Plumber sued for cybersquatting

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Gillece Services has more than 200 registered Internet domain names. About 50 of them are variations on the name Gillece and possible misspellings of the word.

Dozens more are simply town names from Western Pennsylvania with the word "plumber" after them, like or, which then redirect visitors to the Gillece home page.

But 13 others are remarkably similar to other plumbing, heating and electrical companies in the region and have become part of a federal lawsuit against the Pittsburgh company, alleging trademark infringement and cybersquatting.

Fagnelli Plumbing Co. in Oakland filed a lawsuit against Gillece in May, claiming the company had improperly registered the Internet domain name and then redirected Web traffic from that site to the Gillece home page. Though Fagnelli sent a cease and desist letter, demanding that Gillece turn over the domain name, that never happened.

Gillece did, however, stop redirecting traffic to its own site, and instead listed on, which is a parking site for domain names that are registered but contain no content.

The case was supposed to have been settled following mediation at the end of September, but the settlement fell through when the parties couldn't agree on the confidentiality clause.

The case is now headed for a bench trial before U.S. District Judge Arthur J. Schwab on April 11. Fagnelli, which characterizes Gillece's behavior as "unscrupulous and unethical," is seeking damages of $100,000 plus costs and attorney fees.

In the meantime, on Tuesday, the parties filed motions for summary judgment -- asking the judge to rule in their favor.

As part of its motion, Fagnelli filed 13 separate affidavits written by the owners of local plumbing, heating and electrical companies, who all said that domain names similar to their business names had been registered by Gillece.

Mark Nix, who has operated Mark Nix Plumbing in Brentwood for more than 25 years, said he didn't know a domain name similar to his business had been registered until lawyers for Fagnelli told him.

Even so, he doesn't like that Gillece registered the name

"I think it's the wrong thing to do for Gillece -- to go take my website and put his name over top of mine," Mr. Nix said. "He's a big enough company, he really doesn't need to do something like that.

"He should have his own customers."

Paul Robinson, an attorney for Gillece, said Tuesday afternoon that he had not yet read the affidavits filed by Fagnelli and could therefore not comment on them. A response to the filing is due by Feb. 10.

But in its own motion and accompanying affidavits, Gillece President and CEO Thomas Gillece said that while he did register the domain name, he never requested or directed anyone to redirect traffic from that site to that of his business.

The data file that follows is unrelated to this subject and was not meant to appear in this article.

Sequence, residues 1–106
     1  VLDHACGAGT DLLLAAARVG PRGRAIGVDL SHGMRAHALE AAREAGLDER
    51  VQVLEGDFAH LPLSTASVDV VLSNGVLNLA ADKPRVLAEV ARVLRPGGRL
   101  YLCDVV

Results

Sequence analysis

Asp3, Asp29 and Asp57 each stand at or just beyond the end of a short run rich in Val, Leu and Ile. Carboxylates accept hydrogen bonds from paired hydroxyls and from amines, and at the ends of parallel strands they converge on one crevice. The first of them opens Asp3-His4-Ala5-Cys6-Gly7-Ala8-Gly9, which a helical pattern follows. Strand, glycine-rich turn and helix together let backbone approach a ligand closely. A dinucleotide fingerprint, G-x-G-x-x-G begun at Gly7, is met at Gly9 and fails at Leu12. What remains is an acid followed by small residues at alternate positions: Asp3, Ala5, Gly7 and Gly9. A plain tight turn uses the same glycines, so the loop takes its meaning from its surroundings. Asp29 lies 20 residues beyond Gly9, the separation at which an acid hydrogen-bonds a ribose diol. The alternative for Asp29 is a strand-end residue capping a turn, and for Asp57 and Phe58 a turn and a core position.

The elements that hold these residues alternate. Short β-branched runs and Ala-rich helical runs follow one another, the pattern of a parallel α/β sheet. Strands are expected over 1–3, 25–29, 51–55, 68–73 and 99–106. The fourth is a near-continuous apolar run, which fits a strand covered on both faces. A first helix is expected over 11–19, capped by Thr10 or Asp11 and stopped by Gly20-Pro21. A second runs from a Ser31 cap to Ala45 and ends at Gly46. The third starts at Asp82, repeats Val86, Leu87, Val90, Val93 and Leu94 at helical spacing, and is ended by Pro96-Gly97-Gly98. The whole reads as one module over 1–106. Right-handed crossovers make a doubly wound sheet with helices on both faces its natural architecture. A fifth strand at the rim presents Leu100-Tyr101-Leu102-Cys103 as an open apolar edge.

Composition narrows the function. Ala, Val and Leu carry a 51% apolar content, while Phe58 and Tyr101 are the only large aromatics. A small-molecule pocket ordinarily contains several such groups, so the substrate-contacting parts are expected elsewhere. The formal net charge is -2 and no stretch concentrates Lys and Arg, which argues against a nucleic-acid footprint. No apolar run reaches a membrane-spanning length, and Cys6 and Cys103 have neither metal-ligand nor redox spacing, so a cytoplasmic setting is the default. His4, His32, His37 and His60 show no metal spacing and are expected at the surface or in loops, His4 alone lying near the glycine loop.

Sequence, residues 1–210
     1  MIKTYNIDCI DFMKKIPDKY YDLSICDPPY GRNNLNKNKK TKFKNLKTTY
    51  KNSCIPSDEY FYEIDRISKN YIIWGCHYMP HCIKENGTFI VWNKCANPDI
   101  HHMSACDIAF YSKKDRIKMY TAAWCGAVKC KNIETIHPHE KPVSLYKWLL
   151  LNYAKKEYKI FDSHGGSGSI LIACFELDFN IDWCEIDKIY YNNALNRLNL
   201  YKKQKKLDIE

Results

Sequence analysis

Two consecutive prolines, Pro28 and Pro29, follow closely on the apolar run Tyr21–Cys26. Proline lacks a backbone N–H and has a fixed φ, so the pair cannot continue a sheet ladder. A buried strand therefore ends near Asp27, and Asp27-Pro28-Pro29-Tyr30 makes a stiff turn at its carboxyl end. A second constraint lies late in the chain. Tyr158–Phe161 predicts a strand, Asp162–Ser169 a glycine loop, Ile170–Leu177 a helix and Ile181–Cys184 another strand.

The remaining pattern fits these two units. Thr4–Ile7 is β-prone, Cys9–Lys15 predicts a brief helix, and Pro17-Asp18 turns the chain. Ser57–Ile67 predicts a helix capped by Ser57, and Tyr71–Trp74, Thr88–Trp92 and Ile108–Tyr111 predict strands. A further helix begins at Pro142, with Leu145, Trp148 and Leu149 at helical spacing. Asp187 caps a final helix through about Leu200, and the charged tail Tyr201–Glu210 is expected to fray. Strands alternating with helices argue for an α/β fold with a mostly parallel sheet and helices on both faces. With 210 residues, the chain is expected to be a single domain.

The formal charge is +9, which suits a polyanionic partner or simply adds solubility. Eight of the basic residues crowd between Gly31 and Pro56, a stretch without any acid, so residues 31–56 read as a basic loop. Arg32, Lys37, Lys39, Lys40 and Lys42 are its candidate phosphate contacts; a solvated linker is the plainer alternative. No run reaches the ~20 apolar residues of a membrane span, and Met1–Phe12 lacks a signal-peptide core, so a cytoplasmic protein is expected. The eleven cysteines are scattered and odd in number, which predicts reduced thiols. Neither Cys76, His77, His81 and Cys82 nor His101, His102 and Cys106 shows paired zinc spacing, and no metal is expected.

Instead, Mr. Gillece wrote in the affidavit that he believed it was simply a mistake made by a new information technology employee, who was supposed to redirect only the variations on Gillece, as well as the geographical domain names.

Further, attorneys for Gillece argued that Fagnelli Plumbing cannot prove that their client ever purposely used the Fagnelli name.

"Gillece Plumbing did not ever use the domain name in commerce for any reason, and never used that domain name with any intent, bad faith or otherwise, to profit from any use of that domain name," Mr. Robinson wrote. "Here, there is no evidence whatsoever of any intent by Gillece Plumbing to confuse any customer of Fagnelli Plumbing. In fact, there is no evidence whatsoever that the defendants intentionally requested the use in question, i.e., the redirection of any internet traffic from the domain name to Gillece Plumbing.

"The mere registration of a domain name, without any intentional use of it to confuse, simply is not actionable."

The intentions of Gillece will likely be a turning point of the case, said Michael Madison, who teaches trademark law at the University of Pittsburgh.

Although there are a number of standards that must be considered by the court, the professor said, one of the most important is: "Did the defendant intend to cause confusion in the minds of consumers by using the plaintiff's trademark in some way?"

For Fagnelli, one way to prove that, Mr. Madison said, is for the company to show Gillece "engaged in a pattern of action that was not accidental and not consistent with the idea of legitimate competition in the market."

In that vein, Edward Friedman, the attorney for Fagnelli, included among the affidavits one from Arthur Scanlon, who operates Pleasant Hills Plumbing, Heating and Cooling, which has been in business since 1939. The name "Pleasant Hills Plumbing," was registered in Allegheny County and with the state in 1947. However, according to the affidavit, redirects visitors to Gillece.

"It's one thing for Gillece to try to say this happened once, and there's some plausible explanation for it," Mr. Madison said. "What Fagnelli is trying to prove is that Gillece is intentionally trying to appropriate the goodwill associated with the plaintiff's trademarks.

"The redirection piece of the allegation clearly paints Gillece in a much more severe light."

Paula Reed Ward: or 412-263-2620.


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